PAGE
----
SciELO - Scientific Electronic Library Online

vol.93 número6Chagas disease reactivation: cutaneous manifestations in a transplanted patientDermatoscopy: an auxiliary resource for the diagnosis of poroid neoplasms índice de autoresíndice de assuntospesquisa de artigos
Home Pagelista alfabética de periódicos  

Serviços Personalizados




Links relacionados


Anais Brasileiros de Dermatologia

versão impressa ISSN 0365-0596versão On-line ISSN 1806-4841

An. Bras. Dermatol. vol.93 no.6 Rio de Janeiro nov./dez. 2018 

Images in Dermatology

Dermoscopy of squamoid eccrine ductal carcinoma: an aid for early diagnosis*

Márcio Martins Lobo-Jardim1

Bruno de Castro e Souza1

Priscila Kakizaki1

Neusa Yurico Sakai Valente1

1Dermatology Service, Hospital do Servidor Público Estadual de São Paulo, São Paulo (SP), Brazil.


Squamoid eccrine ductal carcinoma is a cutaneous malignancy that originates from the eccrine sweat gland. A 76-year-old woman presented with an asymptomatic papule on her nose that had been present for one year. Dermoscopy showed pseudocysts, irregular linear crown vessels, and yellowish-brown globules surrounded by white halos. This is the first dermoscopic description of squamoid eccrine ductal carcinoma. Studies with more cases are needed to confirm the dermoscopic characterization of this tumor.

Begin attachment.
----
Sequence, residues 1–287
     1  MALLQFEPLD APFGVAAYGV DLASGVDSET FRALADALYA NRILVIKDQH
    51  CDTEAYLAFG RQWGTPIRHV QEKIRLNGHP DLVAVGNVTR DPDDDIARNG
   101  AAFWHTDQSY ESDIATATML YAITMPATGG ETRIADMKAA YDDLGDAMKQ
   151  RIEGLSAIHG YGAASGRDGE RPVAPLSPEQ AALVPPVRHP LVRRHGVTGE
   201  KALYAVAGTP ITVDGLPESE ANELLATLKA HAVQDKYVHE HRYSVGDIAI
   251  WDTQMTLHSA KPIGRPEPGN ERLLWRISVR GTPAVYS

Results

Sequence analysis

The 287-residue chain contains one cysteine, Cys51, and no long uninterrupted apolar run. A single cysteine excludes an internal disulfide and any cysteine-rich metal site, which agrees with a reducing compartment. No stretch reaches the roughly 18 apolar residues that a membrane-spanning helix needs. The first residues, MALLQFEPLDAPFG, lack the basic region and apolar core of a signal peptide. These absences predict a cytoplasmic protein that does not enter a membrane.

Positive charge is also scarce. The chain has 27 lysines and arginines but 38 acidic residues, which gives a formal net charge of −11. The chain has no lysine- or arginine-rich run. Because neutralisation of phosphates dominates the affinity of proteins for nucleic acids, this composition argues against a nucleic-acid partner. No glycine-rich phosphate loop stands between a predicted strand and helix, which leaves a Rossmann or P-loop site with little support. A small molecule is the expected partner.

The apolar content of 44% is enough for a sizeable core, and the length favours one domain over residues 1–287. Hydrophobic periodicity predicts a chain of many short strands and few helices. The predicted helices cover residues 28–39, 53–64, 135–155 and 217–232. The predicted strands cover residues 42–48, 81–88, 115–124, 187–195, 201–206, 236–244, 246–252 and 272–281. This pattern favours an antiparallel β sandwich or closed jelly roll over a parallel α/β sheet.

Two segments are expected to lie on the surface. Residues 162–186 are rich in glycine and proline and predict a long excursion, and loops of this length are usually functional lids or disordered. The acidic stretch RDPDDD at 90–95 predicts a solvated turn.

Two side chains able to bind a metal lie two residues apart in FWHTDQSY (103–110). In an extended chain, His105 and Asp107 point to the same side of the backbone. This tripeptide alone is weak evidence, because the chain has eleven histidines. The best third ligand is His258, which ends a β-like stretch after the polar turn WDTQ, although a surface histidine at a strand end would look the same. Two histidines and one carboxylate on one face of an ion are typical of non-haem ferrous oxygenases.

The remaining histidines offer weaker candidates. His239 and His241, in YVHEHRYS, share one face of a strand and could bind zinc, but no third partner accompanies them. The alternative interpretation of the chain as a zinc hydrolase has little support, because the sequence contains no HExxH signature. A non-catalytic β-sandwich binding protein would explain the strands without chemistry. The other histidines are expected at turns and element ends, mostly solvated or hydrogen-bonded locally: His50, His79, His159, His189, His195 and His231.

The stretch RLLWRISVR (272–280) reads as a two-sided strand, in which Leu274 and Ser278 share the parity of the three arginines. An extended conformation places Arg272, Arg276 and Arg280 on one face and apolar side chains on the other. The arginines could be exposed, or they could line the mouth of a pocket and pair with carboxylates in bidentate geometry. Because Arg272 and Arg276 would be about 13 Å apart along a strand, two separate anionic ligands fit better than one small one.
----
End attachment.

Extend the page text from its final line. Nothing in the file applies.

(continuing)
Keywords: Clinical diagnosis; Dermoscopy; Skin neoplasms

Squamoid eccrine ductal carcinoma (SEDC) is a rare malignant neoplasm of the skin that arises from the eccrine gland and presents on histology with a squamoid appearance, potentially mistaken for squamous cell carcinoma.1

The clinical importance of SEDC lies in its locoregional aggressiveness and metastatic potential. However, the clinical presentation is sometimes nonspecific or displays a benign appearance, characteristics that can delay diagnosis.2 We thus report a case of SEDC, the main focus of which is to describe the dermoscopic characteristics with a view towards earlier clinical diagnosis of these lesions.

A 76-year-old female patient presented with an asymptomatic lesion on the nose that had appeared a year before. Her medical history included hypertension, osteoporosis, and Bowen's disease, excised in 2014. Clinical examination showed a well-demarcated normochromic lesion on the nasal dorsum (Figure 1). Dermoscopy revealed a circumscribed lesion with pseudocysts (or white lumps), irregular linear vessels not extending beyond the center of the lesion, and yellowish-brown globules (or lumps) surrounded by white halos located close to the linear vessels (Figure 2). An excisional biopsy was performed, submitted to hematoxylin & eosin staining, showing an infiltrative malignant epithelial neoplasm, connected to the epidermis and to the hair follicles, with blocks of squamoid cells above and small blocks of smaller cells below (Figures 3 and 4), with ducts in both components. The deep margin represented by the reticular dermis was involved, and the lateral margins were free. Immunohistochemistry with antibodies to the carcinoembryonic antigen and epithelial membrane antigen was positive in the areas of ductal differentiation, corroborating the diagnosis of SEDC. Following diagnosis, extension of the surgical resection was performed.